Unless a game is called because both teams have not completed an equal number of turns at bat, the score shall remain the same as it was at the end of the last completed inning; however, if the home team scores a run (or runs) in its half of the incomplete inning that equals or exceeds the opponent’s score, the final score shall be the score that was recorded when the game was called. 4-2-4 Games may be stopped in a variety of ways, including by suspension, and a state organization may enact game-ending protocols that define how games are terminated.
Only those game-ending methods that have been accepted by a state organization may be employed if the opposing coaches decide to call a game’s conclusion during the course of the game.
9.16 Earned Runs and Runs Allowed
A run for which a pitcher is held responsible is referred to as an earned run. When determining earned runs, the Official Scorer must reconstruct the inning without errors (with the exception of catcher’s interference) and passed balls, always giving the pitcher the benefit of the doubt when determining which bases would have been reached by runners if there had been errorless play. If an intentional base on balls is committed with the aim of scoring earned runs, it will be treated in the same manner as any other base on balls for the purposes of determining earned runs.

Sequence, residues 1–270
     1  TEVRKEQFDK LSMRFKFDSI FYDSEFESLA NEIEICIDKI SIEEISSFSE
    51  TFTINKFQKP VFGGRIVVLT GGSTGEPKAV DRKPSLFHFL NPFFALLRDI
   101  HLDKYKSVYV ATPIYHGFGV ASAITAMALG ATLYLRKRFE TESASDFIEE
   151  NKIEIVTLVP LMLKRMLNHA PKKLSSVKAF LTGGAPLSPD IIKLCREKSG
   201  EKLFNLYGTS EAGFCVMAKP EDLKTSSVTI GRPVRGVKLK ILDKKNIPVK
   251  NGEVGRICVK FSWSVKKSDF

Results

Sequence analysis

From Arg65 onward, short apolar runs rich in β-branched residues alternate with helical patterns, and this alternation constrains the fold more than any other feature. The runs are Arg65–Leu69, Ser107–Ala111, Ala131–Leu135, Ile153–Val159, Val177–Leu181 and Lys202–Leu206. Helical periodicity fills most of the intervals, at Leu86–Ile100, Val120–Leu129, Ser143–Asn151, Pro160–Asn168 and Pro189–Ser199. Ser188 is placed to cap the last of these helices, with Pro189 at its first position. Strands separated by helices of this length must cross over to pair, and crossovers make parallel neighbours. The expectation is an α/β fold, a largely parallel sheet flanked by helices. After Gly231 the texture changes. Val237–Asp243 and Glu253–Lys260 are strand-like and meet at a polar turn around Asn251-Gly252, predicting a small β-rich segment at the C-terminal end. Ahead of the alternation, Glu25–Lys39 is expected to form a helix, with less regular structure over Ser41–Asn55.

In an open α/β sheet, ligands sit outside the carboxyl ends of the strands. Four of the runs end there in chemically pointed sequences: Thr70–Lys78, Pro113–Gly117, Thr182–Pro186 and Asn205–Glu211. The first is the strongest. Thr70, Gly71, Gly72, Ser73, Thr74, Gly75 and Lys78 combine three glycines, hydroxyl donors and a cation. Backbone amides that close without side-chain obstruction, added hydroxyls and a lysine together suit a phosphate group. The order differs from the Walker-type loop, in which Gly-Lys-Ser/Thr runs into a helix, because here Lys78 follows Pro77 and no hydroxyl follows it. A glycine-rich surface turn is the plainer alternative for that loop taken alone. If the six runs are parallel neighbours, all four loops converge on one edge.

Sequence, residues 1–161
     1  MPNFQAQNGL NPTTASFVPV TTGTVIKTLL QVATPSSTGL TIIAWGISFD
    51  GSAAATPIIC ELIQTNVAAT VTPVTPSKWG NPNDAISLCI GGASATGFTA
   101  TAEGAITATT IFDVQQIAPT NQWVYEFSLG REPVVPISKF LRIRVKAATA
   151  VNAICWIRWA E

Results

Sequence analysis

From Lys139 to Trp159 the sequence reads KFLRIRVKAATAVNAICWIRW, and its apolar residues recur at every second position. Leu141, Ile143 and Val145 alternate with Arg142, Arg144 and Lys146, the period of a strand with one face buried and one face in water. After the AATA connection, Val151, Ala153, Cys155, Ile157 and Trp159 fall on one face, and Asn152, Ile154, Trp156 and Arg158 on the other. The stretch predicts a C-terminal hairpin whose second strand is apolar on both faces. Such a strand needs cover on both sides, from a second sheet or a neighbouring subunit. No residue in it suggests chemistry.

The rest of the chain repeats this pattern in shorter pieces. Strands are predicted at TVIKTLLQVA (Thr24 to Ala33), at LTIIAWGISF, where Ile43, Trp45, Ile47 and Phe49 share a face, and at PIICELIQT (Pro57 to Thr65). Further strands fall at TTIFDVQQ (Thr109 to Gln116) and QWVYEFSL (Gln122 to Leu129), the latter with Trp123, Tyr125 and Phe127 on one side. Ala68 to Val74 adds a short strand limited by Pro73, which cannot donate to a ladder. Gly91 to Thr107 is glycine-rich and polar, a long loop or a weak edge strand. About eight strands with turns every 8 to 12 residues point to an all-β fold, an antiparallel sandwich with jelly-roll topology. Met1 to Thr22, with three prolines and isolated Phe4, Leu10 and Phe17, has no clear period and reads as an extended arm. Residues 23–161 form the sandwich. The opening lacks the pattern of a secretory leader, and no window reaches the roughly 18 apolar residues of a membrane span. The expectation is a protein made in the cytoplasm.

- A defensive interference penalty shall be considered as a fielding opportunity for the purposes of this regulation.
- 9.16 of the Rules of Civil Procedure (a) Following are some instances in which a pitcher has been charged with earned runs: (1) Peter starts the inning by pitching and striking out Abel and Baker, the first two hitters faced.
- Daniel smashes a grand slam of a home run.
- Frank is out of the game when Peter retires him to conclude the inning.
- (2) Peter throws a complete game and retires Abel.